Before we define "fluid design" we have to take a step back and review another term: fixed widths.
The majority of older websites are built on static, fixed widths that don't react or respond to different screen sizes. This means, the website is set to display at a fixed column width, like 900 pixels. Consequently, you can adjust your browser window or view the website on your phone and the site will stay "fixed" at that width. As the number of devices and screen sizes exploded over the past decade, these sites became very userunfriendly.
Website design trends have solved the problem of multiple screen sizes in a few ways. One solution is fluid design and it is becoming more and more popular. Instead of fixed columns and widths, a fluid website is built on relative widths, grids and percentages. This allows the website to scale up and down fluidly.
What's the Difference Between Responsive and Fluid Website Design?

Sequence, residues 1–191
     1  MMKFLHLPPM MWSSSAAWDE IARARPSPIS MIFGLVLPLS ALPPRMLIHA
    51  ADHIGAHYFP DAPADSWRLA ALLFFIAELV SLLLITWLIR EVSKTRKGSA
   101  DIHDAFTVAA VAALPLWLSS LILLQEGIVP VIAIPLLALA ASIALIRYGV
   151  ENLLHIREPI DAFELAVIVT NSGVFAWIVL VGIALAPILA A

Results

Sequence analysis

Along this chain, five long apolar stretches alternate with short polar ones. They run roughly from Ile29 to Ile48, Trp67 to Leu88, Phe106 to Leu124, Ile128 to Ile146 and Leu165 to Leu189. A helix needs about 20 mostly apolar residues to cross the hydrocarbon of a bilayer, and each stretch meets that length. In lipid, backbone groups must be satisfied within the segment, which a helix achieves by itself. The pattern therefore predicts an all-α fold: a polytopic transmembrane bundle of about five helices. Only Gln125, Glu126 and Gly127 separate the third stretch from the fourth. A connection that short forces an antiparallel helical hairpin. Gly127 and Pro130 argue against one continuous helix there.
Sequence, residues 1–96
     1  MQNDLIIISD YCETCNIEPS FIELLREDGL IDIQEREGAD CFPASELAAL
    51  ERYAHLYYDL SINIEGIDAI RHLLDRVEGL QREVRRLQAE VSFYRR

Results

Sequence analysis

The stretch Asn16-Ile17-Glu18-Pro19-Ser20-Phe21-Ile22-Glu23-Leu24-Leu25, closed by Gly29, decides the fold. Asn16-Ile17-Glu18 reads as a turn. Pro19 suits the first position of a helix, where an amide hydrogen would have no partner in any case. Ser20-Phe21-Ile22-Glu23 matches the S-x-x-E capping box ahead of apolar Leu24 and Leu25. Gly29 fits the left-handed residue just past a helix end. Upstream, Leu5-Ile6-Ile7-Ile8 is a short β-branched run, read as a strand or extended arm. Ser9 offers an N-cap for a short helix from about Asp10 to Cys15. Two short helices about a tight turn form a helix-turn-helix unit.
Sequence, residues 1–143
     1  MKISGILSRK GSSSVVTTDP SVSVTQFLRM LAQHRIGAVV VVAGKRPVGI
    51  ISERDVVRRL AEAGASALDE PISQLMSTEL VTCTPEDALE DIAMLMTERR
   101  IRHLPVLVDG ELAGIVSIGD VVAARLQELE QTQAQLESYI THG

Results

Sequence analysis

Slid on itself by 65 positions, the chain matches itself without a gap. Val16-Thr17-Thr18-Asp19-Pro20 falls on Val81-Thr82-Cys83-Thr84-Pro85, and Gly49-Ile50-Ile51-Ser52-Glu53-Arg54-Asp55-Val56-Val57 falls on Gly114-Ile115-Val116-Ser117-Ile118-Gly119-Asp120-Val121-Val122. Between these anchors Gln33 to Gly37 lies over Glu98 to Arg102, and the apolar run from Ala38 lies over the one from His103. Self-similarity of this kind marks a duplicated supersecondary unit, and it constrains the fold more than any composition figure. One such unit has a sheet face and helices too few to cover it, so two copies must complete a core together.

You may have heard the term "responsive design" before and now you're wondering, what's the difference?
Responsive sites use media queries to control the design and content as it scales up or down on the device. They also have break points and set containers, so you have different "break points" for a variety of screen sizes; from extra small (mobile) to large (large desktop). Fluid websites donothave break points or set containers.
"A fluid site is responsive, but not all responsive sites are fluid." --Sam.
So, now we're getting a little more technical than I am comfortable with explaining and most likely you don't really care to go there either. Seeing is believing! Words do these websites no justice. You have to see them in action to understand the difference and why fluid design is special.
Many of these websites have very minimal navigation, moving elements on the homepage, and all use the entire width of the page. Click through the links below and check out how they perform.
Visit Prodigo Solutions' website (our client) and play around in the About section to see how the content and images rearrange themselves fluidly as you resize the browser window. In this example, I've captured the entire page.